• Lines begin with a word followed by arguments
  • Arguments are strings or key: value entries, or sometimes _
  • Comments start with a # sign and end with the end of their line
  • The head of line word sometimes is an imperative (set, break, update_mandate, email, ...), sometimes a noun (sequence, rm, ...)
  • Like in Ruby, some lines end in a condition, for example: break _ if f.status == 'numbered'

A few answers:

Each non-comment line is a "call" of the head-of-line word procedure

Some of those heads are common flor procedures (set, sequence, cursor, break, continue, ...)

Some of those heads are taskers (pieces of code registered in the flor engine and available to multiple flor definitions), here, for example, "rm", "ops" and "pfs" point to three distinct group in the organization using the flor engine, they are "human taskers"

Some of those heads are taskers pointing to non-human taskers, like "email" and "update_mandate", such taskers tend to perform their task immediately, while human taskers are usually delivering the task to a queue/list system where humans may pick them (and drop them back eventually)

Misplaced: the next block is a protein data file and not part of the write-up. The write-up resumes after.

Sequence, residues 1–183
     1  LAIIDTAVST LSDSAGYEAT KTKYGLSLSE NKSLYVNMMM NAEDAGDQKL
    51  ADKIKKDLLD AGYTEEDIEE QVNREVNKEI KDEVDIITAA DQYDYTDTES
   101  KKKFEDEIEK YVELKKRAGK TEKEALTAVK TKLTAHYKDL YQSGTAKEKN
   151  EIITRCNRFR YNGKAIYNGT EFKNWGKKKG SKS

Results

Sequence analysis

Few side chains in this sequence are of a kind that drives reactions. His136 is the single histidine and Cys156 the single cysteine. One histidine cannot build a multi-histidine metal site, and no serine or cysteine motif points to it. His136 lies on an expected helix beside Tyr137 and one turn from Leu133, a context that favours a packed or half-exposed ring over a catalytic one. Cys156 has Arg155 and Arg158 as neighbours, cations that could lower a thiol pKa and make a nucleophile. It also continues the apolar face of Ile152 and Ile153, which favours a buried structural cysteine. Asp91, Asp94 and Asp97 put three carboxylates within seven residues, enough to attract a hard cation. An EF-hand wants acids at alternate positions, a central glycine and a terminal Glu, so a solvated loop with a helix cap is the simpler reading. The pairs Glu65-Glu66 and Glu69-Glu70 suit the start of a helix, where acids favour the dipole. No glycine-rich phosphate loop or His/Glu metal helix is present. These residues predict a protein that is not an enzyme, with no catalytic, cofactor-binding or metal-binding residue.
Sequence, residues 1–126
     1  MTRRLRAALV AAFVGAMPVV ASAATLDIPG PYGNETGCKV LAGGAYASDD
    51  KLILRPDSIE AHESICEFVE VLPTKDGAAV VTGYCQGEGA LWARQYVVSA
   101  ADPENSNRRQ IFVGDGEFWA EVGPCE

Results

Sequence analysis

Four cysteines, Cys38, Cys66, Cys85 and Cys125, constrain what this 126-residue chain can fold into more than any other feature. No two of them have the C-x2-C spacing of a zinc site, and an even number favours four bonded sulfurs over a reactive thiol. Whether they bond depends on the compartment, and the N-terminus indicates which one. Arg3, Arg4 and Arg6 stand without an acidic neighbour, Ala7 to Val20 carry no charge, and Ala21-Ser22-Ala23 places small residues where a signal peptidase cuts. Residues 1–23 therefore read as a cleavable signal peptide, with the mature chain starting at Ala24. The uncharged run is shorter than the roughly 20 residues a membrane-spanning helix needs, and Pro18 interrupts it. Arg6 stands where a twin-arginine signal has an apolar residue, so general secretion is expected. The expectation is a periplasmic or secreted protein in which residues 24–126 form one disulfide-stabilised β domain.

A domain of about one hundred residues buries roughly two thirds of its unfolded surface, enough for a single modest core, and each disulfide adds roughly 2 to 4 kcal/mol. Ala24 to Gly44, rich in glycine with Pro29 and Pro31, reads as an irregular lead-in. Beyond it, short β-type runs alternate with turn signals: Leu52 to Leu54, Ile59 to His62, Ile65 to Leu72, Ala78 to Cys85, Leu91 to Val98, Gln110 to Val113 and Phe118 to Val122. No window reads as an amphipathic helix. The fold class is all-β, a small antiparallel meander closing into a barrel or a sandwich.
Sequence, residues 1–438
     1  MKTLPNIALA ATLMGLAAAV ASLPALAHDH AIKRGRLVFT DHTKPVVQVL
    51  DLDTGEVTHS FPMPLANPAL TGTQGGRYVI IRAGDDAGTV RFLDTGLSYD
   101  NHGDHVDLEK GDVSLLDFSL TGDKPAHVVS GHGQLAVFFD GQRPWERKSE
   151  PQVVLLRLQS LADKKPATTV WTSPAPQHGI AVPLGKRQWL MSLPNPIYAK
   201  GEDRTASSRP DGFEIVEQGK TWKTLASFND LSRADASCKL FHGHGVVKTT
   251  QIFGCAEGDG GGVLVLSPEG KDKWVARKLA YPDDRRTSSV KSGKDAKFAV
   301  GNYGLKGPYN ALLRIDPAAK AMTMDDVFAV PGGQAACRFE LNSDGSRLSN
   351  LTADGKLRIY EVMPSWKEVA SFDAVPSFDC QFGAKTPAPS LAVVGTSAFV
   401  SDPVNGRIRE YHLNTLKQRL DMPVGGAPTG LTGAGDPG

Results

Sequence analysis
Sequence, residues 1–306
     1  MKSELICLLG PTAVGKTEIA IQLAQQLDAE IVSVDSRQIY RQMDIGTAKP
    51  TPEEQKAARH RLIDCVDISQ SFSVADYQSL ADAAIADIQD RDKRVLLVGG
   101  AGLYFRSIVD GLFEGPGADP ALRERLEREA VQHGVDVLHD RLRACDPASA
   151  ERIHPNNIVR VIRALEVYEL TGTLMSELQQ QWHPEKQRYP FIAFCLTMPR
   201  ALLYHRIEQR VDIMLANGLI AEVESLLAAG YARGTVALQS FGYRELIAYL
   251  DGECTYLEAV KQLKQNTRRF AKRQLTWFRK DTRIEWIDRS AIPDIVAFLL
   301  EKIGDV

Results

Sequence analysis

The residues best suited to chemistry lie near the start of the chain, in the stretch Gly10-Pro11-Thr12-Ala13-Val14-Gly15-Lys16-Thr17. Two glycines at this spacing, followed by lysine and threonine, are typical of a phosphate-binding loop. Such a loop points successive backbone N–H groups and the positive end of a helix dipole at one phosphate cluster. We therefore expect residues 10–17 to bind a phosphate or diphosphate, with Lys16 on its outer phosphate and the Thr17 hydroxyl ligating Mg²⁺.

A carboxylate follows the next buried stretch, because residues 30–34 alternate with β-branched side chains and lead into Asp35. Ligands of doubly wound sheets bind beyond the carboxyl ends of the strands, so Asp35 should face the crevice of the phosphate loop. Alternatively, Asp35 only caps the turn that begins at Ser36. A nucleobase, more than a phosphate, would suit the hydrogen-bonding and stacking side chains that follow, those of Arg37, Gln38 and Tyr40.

Some of those heads could be functions (sorry, no function calls in the example above).

The suffix conditionals are in fact syntactic sugar:

break _ if f.status == 'numbered'
  # gets rewritten to:
  f.status == 'numbered'  # conditional
  break _                 # then branch
  # nada...               # else branch

Such rewrites occur when the flow reaches the break/if, not before.

The _ (underscore) as a single argument is necessary to distinguish getting the value of a head from calling it.


define get-name

get-name   # yields a pointer to the "get-name" function
get-name _ # yields "Hector"

Yielding a pointer to a function has its uses, for example, when aliasing it:

define add x y \ + x y

set plus add  # alias plus to add
plus 1 2      # yields 3

set plus      # set plus
  add 2 3     # to the value of `(add 2 3)`, yields 5
plus 3 4      # yields 5, not 7

I'm sure there are more questions, feel free to open a question/issue on the flor issue tracker or to drop in for a chat in the flor chat room.

why such a language?

Like all programming languages, flor sits between the user and the interpreter. It has to be understood by the interpreter (fairly easy) and by the user (difficult) and his co-workers (even more difficult).

Business people out there know and use BPMN. Why not use that?